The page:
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Nutrition. 2019 Mar;59:69-76. doi: 10.1016/j.nut.2018.07.003. Epub 2018 Jul 24.

Christian Orthodox fasting in practice: A comparative evaluation between Greek Orthodox general population fasters and Athonian monks.

Author information

1
Division of Endocrinology and Metabolism, First Department of Internal Medicine, Medical School, Aristotle University of Thessaloniki, AHEPA University Hospital, Thessaloniki, Greece. Electronic address: Karraspiros@yahoo.gr.
2
Division of Endocrinology and Metabolism, First Department of Internal Medicine, Medical School, Aristotle University of Thessaloniki, AHEPA University Hospital, Thessaloniki, Greece.
3
School of Life Sciences, Pharmacy and Chemistry, Kingston University London, Penrhyn Road, Kingston upon Thames, Surrey, United Kingdom.
4
School of Life Sciences, Pharmacy and Chemistry, Kingston University London, Penrhyn Road, Kingston upon Thames, Surrey, United Kingdom; Department of Sport Psychology, Institute of Sport and Exercise Sciences, University of Muenster, Germany.
5
Nutrition Unit, Geneva University Hospital, Geneva, Switzerland.
6
Sarafianos Private Hospital, Thessaloniki, Greece.

Abstract

OBJECTIVES:

Christian Orthodox fasting (COF), a periodical vegetarian subset of the Mediterranean diet, has been proven to exert beneficial effects on human health. Athonian fasting is a pescetarian COF variation, where red meat is strictly restricted throughout the year. Previous studies have examined the COF nutritional synthesis and health effects in general population fasters (GF) and Athonian monks (AM), separately. The aim of this study is to comparatively evaluate the characteristics and effects of this nutritional advocacy between the two populations.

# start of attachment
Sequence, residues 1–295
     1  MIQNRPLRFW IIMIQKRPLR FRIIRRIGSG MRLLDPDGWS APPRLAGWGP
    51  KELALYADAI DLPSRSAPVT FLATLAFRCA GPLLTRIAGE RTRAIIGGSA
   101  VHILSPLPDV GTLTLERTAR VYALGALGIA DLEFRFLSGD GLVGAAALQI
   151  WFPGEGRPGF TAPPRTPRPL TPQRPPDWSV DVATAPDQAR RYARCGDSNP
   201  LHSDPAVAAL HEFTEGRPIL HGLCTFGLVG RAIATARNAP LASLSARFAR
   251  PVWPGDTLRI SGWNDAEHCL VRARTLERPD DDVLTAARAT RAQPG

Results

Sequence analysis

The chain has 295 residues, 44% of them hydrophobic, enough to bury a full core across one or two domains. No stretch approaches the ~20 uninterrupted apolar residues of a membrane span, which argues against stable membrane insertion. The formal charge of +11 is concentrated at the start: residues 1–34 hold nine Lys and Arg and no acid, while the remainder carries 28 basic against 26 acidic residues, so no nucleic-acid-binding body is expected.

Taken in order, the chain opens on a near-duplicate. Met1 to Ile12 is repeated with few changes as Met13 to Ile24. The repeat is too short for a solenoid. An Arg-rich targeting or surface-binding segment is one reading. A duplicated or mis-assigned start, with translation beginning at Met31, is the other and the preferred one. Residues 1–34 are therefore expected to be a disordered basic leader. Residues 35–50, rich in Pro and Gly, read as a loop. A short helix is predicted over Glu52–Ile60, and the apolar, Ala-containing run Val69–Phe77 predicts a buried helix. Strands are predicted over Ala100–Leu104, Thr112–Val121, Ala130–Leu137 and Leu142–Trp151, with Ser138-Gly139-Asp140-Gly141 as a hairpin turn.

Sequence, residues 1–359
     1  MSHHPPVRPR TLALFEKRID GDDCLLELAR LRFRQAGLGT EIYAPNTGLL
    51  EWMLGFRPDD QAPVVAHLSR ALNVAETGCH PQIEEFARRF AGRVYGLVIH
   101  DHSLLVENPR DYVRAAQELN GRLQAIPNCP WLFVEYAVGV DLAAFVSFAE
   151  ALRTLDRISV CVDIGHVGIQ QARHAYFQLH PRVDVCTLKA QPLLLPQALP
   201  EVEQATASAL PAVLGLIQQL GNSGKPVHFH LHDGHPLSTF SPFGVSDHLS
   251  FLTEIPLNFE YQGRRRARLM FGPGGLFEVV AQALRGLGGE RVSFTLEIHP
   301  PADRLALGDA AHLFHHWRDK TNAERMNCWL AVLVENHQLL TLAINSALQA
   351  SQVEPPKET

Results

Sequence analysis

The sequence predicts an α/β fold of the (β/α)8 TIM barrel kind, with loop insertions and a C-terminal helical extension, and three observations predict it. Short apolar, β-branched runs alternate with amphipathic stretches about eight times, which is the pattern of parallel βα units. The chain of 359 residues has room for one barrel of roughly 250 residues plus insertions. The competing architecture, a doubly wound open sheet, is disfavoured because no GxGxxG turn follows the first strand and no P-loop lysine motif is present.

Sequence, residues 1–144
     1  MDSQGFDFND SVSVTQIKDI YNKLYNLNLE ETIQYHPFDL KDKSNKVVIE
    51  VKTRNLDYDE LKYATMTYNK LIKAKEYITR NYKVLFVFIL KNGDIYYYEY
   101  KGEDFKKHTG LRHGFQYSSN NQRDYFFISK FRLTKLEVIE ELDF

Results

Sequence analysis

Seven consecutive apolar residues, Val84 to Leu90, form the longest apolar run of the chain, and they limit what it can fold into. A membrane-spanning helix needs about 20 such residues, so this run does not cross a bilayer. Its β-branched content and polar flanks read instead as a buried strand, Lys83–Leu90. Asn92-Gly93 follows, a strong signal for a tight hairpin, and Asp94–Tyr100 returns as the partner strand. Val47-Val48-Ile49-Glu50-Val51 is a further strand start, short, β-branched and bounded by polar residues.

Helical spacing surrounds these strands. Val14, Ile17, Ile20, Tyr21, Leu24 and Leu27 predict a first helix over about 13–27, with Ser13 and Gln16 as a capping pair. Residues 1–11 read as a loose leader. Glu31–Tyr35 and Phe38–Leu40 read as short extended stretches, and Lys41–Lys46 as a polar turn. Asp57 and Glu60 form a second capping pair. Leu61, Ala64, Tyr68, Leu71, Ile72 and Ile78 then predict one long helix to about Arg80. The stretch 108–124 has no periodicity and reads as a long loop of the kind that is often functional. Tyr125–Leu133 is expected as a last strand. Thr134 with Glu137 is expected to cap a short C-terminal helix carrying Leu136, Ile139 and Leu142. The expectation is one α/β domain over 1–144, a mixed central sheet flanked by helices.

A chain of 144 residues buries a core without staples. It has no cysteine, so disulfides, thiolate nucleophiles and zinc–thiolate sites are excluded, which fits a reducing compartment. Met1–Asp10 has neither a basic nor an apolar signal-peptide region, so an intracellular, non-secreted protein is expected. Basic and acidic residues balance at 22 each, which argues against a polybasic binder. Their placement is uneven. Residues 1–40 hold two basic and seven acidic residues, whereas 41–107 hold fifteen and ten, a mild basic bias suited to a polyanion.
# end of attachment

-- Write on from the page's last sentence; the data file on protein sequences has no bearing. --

METHODS:

The study included 43 male GFs (20-45 y of age) and 57 age-matched male AMs following COF. Dietary intake data were collected in both groups during a restrictive (RD) and a nonrestrictive (NRD) day. Nutritional, cardiometabolic, and anthropometric parameters were compared between the two cohorts.

RESULTS:

AM presented lower daily total caloric intake for both RD (1362.42 ± 84.52 versus 1575.47 ± 285.96 kcal, P < 0.001) and NRD (1571.55 ± 81.07 versus 2137.80 ± 470.84 kcal, P < 0.001) than GF.They also demonstrated lower body mass index (23.77 ± 3.91 versus 28.92 ± 4.50 kg/m2, P <0.001), body fat mass (14.57 ± 8.98 versus 24.61 ± 11.18 kg, P = 0.001), and homeostatic model assessment for insulin resistance values (0.98 ± 0.72 versus 2.67 ± 2.19 mmol/L, P < .001) than GF. Secondary hyperparathyroidism (parathyroid hormone concentrations: 116.08 ± 49.74 pg/mL), as a result of profound hypovitaminosis D [25(OH)D: 9.27 ± 5.81 ng/mL], was evident in the AM group.

CONCLUSIONS:

The results of the present study highlight the unique characteristics of Athonian fasting and its value as a health-promoting diet. The effects of limitation of specific vitamins and minerals during fasting warrants further investigation.

KEYWORDS:

Calcium homeostasis; Cardiometabolic markers; Christian Orthodox fasting; Lipids; Mediterranean diet; Nutrient intake

PMID:
30423548
DOI:
10.1016/j.nut.2018.07.003

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